“People accuse me of spreading rumors, but I’m just trying to tell my stepmother’s story,” he said in an interview at a cafe in Wuhan.

It was not until Monday that the government changed course, after news outlets in Hong Kong reported over the weekend that there were several potential cases of the illness in Shanghai and Shenzhen, a southern city. The central government dispatched Dr. Zhong, a renowned expert with a reputation for bluntness, to Wuhan.

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Report: Bezos phone uploaded GBs of personal data after getting Saudi prince’s WhatsApp message



It’s like a plot from a bad thriller: a forensic analysis paid for by Jeff Bezos found that his cell phone coughed up massive amounts of personal information within hours of receiving a WhatsApp-attached video file sent by the future king of Saudi Arabia, the Guardian, and the Financial Times reported on Tuesday.

The text—the analysis is reported to say—comes on May 1, 2018. That’s when Saudi Crown Prince Mohammed bin Salman sent Bezos a text over WhatsApp weeks after the two had exchanged numbers. Their relationship started out cordially but became strained as The Washington Post reported that the Saudi government was behind the gruesome killing and subsequent dismemberment of veteran Saudi journalist Jamal Khashoggi. He used to contribute a regular column in the Bezos-owned Washington Post criticizing Prince Mohammed’s autocratic leadership. The FT report is here, and the report from the Guardian is here.

Massive and unauthorized exfiltration

Within hours of Bezos’ receipt of the video, the analysis found, “a massive and unauthorized exfiltration of data from Bezos’s phone began, continuing and escalating for months,” the FT reported. That amount of data surreptitiously exfiltrated from the device “was in the dozens of gigabytes, compared to the few hundred kilobytes daily afterage in the months before the video file was sent.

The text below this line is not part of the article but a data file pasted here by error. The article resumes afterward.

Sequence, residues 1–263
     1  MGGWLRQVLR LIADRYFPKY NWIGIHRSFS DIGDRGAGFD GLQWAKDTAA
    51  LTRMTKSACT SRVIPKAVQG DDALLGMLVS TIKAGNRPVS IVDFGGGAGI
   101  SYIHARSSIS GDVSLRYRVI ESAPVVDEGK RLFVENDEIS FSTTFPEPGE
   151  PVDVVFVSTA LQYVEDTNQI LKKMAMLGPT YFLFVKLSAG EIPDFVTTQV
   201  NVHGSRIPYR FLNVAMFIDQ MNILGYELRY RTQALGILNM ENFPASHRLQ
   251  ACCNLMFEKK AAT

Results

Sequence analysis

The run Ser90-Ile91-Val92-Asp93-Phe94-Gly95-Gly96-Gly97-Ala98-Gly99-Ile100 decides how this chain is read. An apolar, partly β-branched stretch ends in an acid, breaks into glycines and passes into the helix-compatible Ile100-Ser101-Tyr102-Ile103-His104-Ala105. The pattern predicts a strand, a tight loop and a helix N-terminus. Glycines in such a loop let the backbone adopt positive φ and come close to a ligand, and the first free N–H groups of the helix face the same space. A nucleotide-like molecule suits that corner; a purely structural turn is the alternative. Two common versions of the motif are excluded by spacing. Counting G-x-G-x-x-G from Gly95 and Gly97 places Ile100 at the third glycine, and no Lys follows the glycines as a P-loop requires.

The extraordinary conclusion—which depending on the publications was reached with either “medium to high confidence” or found to be “highly probable”—comes nine months after a security consultant hired by the Amazon founder and owner of The Washington Post, said the government of Saudi Arabia gained access to the private contents of Jeff Bezos’ phone. The consultant, Gavin De Becker, made no explicit allegation at the time that Bezos’ phone had been hacked.

A Saudi official denied the country’s government was behind a hack on Bezos’ phone. “Saudi Arabia does not conduct illicit activities of this nature, nor does it condone them,” the official told the FT. “We request the presentation of any supposed evidence and the disclosure of any company that examined any forensic evidence so that we can show it is demonstrably false.

The analysis was led by Anthony J. Ferrante, a security expert at the business advisory firm FTI Consulting. It doesn’t claim to have conclusive evidence, and its findings have yet to be independently confirmed by the FT, Guardian, or any other known news publication.

Representatives for Bezos and FTI consulting declined to comment.

Allegations that Saudi Arabia obtained access to data on Bezos’s phone came a few months after the National Enquirer tabloid reported that Bezos’s was having an extramarital affair with broadcaster Lauren Sanchez. The publication published texts and pictures from the phone that appeared to show the two had an ongoing relationship.

Nude photos

A few weeks later, Bezos published emails he received from officials at National Inquirer’s parent company. The company allegedly threatened to publish nude photos from Bezos’ phone unless he ended an investigation into the security breaching involving his phone and backed away from public allegations the breach was motivated by political leanings by the National Inquirer. National Inquirer has maintained the phone data came from Sanchez’s brother and was not the result of a hack.

In May, WhatsApp owner Facebook said it fixed a critical vulnerability in the messenger app that had been under active exploit. According to an FT report published the same day the exploit was developed by Israeli developer NSO Group and worked by sending a WhatsApp call to targets. By exploiting a buffer overflow vulnerability in the WhatsApp VoIP stack, the calls could remotely install surveillance malware on both iPhones and Android devices. Targets need not have answered the call to be infected.